The Mammillaria parkinsonii, also known as owl’s eye pincushion cactus, is a woolly cactus with a cylindrical stem. The cactus can grow up to 5.9 inches wide and 6 inches tall when solitary. However, the Mammillaria parkinsonii is clump-forming cacti and can develop up to 10 new heads in 5 to 6 years.

With time, the stems divide into two hence the nickname owl’s eye. This charming cactus blossoms in spring and develops funnel-shaped creamy yellow blooms with pink markings. The flowers form in a ring at the top of the stem and later develop into small orange cherry-like fruits.

The owl’s eye pincushion is native to Mexico. This means the plant thrives in dry climates and warm temperatures or semi-desert conditions. For the best outcome, water in moderation and ensure your plant receives bright filtered light.

9. Old Lady Cactus (Mammillaria hahniana)

Old Lady Cactus_Kattiya L_Shutterstock
Image Credit: Kattiya L, Shutterstock
Maximum Height: 10 inches
Blooming season: Summer and spring
USDA Hardiness Region: 9a to 10a
Sun Exposure: Full sun/partial shade

The Mammillaria hahniana is a clump-forming cactus with beautiful spherical stems. It is covered in sharp white spines and silky white down, making it look like an old lady from afar. The plant blooms in summer and spring with a crown of reddish-purple flowers.

Mammillaria hahniana or old lady cactus is native to Mexico. The cactus makes an excellent indoor or outdoor plant. Its spheres can grow up to 5 inches wide and 4 inches tall. Like most cacti, it is a slow-growing plant, and it could reach up to 10 inches tall over several years.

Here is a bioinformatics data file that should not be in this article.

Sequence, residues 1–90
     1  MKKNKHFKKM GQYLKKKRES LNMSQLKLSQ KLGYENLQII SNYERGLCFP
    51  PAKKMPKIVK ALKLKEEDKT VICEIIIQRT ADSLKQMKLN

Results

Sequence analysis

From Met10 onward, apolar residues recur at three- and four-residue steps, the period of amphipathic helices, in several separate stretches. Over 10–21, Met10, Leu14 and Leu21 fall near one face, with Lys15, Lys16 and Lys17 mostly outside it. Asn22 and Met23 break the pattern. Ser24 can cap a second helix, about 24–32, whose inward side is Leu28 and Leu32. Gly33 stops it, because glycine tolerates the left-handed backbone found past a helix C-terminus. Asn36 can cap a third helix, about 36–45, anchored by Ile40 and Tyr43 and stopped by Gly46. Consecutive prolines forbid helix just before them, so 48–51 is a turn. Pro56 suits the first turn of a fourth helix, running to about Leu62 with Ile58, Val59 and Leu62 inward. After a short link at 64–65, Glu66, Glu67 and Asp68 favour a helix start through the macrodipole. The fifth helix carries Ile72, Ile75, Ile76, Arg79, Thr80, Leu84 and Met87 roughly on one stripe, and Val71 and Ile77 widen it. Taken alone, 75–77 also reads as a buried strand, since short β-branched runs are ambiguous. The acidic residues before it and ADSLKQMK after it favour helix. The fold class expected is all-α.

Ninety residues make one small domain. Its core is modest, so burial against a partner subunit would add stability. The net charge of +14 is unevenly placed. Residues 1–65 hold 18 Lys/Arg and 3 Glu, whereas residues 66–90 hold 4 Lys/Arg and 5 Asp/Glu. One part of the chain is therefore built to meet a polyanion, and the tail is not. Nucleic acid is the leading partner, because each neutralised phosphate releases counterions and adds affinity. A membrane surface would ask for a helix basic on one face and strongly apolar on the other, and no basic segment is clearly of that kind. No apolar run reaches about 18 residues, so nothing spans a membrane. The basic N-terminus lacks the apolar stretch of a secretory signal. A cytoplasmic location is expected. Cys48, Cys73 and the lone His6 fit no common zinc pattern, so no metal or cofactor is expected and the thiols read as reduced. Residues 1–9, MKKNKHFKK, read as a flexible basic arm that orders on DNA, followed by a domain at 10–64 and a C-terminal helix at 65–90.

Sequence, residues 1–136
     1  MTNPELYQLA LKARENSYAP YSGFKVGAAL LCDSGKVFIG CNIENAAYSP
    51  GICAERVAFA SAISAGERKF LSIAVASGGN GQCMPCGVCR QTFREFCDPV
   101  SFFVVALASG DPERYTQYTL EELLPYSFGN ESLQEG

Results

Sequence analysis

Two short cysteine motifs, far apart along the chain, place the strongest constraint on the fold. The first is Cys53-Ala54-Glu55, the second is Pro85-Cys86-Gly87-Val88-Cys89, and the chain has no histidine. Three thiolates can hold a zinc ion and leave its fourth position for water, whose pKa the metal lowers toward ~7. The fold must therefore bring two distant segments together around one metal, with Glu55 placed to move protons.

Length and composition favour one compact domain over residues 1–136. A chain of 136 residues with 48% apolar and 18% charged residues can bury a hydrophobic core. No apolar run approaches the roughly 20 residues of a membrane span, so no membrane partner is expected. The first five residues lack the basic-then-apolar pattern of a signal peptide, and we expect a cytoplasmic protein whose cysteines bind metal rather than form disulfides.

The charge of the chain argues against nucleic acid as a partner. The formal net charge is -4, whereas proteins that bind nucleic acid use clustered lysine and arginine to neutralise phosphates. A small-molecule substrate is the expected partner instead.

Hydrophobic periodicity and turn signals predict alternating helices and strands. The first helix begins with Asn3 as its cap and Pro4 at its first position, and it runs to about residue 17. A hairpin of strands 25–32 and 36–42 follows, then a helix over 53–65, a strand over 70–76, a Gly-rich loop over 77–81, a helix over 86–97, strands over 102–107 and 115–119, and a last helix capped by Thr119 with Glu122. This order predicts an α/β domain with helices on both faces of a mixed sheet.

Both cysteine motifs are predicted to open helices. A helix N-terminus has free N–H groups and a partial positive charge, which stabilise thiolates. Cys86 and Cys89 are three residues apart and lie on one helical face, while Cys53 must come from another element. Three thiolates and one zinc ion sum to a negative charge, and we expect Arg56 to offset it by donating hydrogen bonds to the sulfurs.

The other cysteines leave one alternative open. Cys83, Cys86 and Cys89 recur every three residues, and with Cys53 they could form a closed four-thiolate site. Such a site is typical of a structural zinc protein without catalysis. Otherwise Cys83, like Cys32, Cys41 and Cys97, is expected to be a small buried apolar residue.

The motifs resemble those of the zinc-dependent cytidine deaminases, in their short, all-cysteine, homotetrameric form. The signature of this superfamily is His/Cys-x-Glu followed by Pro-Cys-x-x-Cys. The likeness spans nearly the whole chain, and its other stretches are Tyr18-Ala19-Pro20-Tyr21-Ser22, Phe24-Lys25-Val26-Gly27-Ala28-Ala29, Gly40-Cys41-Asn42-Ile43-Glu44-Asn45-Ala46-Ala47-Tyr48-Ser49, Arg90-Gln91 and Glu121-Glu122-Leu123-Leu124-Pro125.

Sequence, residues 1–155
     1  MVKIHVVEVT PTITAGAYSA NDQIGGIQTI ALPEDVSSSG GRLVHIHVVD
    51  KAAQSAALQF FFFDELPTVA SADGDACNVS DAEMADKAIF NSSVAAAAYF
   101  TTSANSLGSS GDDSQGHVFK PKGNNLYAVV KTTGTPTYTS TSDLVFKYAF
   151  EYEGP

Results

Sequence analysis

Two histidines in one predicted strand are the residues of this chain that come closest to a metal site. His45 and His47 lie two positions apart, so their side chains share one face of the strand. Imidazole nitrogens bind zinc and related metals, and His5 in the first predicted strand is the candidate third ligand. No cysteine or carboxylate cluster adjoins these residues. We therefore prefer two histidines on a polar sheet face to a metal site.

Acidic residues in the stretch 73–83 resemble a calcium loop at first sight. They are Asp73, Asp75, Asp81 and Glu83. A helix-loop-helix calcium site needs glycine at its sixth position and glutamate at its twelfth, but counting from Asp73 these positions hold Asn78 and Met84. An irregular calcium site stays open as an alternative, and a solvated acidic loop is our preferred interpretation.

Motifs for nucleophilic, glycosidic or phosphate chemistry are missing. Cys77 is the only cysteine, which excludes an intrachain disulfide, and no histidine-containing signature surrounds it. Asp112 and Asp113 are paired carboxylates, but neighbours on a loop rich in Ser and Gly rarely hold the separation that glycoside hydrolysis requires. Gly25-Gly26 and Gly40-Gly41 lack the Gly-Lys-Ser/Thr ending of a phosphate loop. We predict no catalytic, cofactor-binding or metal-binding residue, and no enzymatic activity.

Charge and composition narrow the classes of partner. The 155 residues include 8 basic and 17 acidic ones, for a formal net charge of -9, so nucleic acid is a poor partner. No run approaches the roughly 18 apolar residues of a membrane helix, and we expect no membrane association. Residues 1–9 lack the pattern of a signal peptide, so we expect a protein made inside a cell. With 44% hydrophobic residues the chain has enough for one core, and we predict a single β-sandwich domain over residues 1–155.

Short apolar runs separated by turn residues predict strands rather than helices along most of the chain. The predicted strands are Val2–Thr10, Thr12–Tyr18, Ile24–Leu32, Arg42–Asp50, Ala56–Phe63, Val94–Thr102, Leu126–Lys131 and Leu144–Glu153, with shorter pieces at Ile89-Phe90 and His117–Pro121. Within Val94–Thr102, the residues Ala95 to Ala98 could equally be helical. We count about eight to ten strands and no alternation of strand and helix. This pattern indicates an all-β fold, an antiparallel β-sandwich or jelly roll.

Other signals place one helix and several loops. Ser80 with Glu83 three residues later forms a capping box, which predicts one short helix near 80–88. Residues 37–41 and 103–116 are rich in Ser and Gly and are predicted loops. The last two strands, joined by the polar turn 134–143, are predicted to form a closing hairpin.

It is imperative to give the cactus proper care through regular watering and fertilizer application routines during summer and spring. Because the plant does dormant in winter, you must not water it to avoid root rot.

10. Pineapple Cactus (Mammillaria longimamma)

Pineapple Cactus_Sinchai Ngamsanguanpreech_Shutterstock
Image Credit: Sinchai Ngamsanguanpreech, Shutterstock
Maximum Height: 11.8 inches
Blooming season: Spring
USDA Hardiness Region: 9b to 11b
Sun Exposure: Full sun/partial shade

Mammillaria longimamma goes by many nicknames, including nipple cactus, finger mound, finger cactus, and pineapple cactus. Its unique physical traits make it pretty easy to identify. Among its distinctive characteristics are the finger-like white spines and soft tubercles.

Also, the Mammillaria longimamma has a larger flower than other cacti varieties of its species. It blooms in spring to produce eye-catching yellow blossoms. Even though the cactus is somewhat frost-hardy, don’t forget to move it indoors during winter.